Washington — The Obama administration will continue to work with the World Bank and other multilateral institutions to promote global prosperity and to help low-income countries build resilience to climate change, Treasury Secretary Jacob Lew said in an April 19 statement to the Development Committee of the World Bank and International Monetary Fund.
The committee gathered during the annual World Bank-IMF spring meetings April 19-21 in Washington.
Lew urged the World Bank to do more to promote reforms that assure that the benefits of growth are shared, adding that a country cannot sustain growth if it its policies include exclusion, inequity and corruption. He said that expanding incomes of the middle class and empowering women are key to sustainable growth.
Lew outlined challenges the World Bank faces. One is improving agricultural production, particularly among smallholder farmers in low-income countries who have poor access to credit, low quality or not enough seeds and fertilizers, poorly functioning local and regional markets, and weak infrastructure.
He said the United States has provided nearly $330 million to the Global Agriculture and Food Security Program to help low-income countries strengthen their agricultural sectors. He added that the United States will continue its support of the World Bank-based program and stressed that "addressing global food insecurity remains a long-term challenge." He urged other donors to increase their financial backing of the program. The program was launched by the world's top 20 economies in 2012 to coordinate donor support for strategic, country-led agricultural and food security plans.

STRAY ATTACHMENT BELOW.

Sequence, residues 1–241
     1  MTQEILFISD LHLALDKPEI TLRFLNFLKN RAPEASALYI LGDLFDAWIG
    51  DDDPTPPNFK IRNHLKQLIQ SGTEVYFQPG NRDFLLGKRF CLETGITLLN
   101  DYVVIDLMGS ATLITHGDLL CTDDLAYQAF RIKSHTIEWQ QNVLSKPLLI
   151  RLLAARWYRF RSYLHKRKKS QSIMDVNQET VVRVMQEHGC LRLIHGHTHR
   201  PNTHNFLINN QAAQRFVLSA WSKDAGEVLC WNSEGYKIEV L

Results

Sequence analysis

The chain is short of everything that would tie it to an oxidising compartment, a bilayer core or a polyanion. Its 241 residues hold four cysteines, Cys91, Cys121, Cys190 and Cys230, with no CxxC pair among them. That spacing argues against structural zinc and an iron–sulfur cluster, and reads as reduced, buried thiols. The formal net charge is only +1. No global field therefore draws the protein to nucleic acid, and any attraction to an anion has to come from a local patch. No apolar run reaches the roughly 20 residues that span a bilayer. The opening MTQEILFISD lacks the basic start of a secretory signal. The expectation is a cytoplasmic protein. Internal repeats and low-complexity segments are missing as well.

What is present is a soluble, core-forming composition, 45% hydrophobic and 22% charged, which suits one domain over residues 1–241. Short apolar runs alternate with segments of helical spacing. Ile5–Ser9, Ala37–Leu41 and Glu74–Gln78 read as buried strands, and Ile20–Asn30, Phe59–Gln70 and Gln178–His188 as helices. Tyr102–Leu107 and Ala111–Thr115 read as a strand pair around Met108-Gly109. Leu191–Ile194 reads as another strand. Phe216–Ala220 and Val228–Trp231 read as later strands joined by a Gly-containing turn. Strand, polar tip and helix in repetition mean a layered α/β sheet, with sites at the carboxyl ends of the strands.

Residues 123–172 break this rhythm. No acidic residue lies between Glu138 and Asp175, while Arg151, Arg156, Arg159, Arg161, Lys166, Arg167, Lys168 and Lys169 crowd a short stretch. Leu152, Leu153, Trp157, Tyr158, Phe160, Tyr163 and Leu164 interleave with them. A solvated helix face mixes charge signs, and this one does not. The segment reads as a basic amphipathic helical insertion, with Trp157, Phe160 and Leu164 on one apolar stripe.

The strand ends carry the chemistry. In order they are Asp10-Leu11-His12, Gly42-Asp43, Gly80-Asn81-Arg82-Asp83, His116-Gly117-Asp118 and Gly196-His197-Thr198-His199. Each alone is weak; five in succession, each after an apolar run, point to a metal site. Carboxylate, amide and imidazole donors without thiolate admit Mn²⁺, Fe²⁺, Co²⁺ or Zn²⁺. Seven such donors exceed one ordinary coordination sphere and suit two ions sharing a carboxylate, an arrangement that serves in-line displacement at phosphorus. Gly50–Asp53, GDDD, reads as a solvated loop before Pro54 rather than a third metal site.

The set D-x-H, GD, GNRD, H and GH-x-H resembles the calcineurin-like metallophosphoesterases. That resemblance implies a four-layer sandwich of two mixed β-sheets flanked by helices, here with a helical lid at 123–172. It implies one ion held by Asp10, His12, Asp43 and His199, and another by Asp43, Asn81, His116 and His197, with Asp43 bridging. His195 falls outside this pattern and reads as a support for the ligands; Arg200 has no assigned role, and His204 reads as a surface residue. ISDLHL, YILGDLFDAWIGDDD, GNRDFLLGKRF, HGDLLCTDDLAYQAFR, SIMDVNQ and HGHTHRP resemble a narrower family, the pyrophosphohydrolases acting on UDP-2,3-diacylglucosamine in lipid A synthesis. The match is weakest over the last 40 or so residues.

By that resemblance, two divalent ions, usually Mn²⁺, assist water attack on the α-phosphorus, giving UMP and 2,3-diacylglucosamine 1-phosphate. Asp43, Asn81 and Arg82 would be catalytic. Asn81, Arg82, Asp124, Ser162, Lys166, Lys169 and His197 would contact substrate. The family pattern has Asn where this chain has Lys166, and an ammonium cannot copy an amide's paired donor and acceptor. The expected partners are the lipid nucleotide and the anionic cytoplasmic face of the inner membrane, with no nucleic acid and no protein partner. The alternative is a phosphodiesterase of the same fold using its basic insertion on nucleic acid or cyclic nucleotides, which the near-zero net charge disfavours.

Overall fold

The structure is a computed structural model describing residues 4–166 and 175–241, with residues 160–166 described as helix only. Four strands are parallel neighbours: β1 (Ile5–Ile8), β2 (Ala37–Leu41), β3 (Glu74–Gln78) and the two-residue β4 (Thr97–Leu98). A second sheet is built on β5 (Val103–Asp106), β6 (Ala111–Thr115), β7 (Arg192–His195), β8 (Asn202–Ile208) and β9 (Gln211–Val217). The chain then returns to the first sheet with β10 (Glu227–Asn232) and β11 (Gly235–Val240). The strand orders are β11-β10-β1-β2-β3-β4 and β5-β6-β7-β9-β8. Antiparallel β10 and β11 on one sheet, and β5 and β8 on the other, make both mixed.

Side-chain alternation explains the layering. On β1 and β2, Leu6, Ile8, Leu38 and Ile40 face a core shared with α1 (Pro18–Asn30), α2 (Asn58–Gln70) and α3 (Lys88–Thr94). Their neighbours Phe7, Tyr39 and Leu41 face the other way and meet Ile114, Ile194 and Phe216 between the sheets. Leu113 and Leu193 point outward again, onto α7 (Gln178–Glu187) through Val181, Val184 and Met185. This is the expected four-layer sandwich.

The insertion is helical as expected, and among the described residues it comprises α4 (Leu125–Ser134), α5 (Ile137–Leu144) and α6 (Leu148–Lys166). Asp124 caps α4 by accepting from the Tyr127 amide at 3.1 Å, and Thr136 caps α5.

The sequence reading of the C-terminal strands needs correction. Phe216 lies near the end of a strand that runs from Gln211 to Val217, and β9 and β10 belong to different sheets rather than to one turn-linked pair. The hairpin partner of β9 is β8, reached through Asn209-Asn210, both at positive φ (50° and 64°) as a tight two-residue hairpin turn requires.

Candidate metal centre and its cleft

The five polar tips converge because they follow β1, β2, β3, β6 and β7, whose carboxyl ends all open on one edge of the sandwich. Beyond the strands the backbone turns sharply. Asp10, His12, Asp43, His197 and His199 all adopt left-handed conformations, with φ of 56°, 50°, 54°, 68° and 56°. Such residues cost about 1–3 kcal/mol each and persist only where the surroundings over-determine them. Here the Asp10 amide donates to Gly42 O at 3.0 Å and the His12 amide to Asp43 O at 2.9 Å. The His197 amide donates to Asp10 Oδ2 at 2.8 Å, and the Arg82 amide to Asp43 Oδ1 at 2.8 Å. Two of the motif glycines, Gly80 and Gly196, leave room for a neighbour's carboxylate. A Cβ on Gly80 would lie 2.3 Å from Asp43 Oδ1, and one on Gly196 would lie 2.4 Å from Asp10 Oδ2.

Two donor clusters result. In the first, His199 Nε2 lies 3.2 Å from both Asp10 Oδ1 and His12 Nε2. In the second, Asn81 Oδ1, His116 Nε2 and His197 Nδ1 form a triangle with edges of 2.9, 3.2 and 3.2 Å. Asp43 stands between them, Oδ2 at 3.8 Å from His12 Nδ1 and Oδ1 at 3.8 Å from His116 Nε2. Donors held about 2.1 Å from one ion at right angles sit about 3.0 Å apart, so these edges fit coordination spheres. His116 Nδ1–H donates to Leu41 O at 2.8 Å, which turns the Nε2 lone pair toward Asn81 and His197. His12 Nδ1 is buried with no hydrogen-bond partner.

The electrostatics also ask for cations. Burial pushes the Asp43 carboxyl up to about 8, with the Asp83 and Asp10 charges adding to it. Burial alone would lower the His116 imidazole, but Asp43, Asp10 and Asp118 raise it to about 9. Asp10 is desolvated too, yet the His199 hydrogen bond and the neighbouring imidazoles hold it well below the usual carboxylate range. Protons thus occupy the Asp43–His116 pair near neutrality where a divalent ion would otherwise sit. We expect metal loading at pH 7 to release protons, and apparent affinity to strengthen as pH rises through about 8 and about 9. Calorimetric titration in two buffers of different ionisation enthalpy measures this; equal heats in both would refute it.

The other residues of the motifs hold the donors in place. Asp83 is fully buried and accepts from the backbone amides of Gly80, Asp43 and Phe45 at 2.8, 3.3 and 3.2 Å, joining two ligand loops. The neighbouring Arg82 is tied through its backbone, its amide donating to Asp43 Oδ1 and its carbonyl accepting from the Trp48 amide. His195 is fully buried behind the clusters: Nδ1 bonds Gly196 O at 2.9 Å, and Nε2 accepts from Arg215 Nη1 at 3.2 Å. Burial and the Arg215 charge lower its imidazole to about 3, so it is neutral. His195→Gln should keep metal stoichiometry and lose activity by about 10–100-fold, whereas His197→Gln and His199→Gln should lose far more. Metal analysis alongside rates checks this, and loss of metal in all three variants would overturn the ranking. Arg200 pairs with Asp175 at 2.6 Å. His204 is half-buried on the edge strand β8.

Lew also urged the Bank to give more attention to building rural infrastructure and to improving health care systems, especially those that serve women and children. He noted that the two are linked in that rural roads provide access to health facilities. World Bank support would complement the support of other donors in these areas, he said.
The treasury secretary said the World Bank is well-positioned to regularly assess the institutions and practices that are most effective in supporting the potential of women. He said studies have shown that women use their incomes to invest in their children's health and education. He also said the United States would like the Bank to give more attention to gender-based violence.
Lew warned that climate change threatens to turn back much of the progress achieved in development and push some people back into poverty. The World Bank recently concluded that both advanced economies and growing economies that are fast becoming large emitters of greenhouse gases need to cut back on their emissions.
Lew said the United States will back the World Bank's strategy of helping countries eliminate fossil fuel subsidies, incorporate climate-smart land use practices and design targeted safety nets for people affected by those changes. He suggested that the Bank's International Development Association -- its fund for the lowest-income countries -- incorporate climate resilience into its programs for fragile countries.
Another area in which Lew said the Bank can be more active is in mobilizing local and foreign investment. "High and low income countries alike are searching for new ways to create jobs," he said. He added that the Bank also can do more to maximize the impact of its investments.
"We will continue to press the World Bank Group to play a leading role in private-sector development," he said.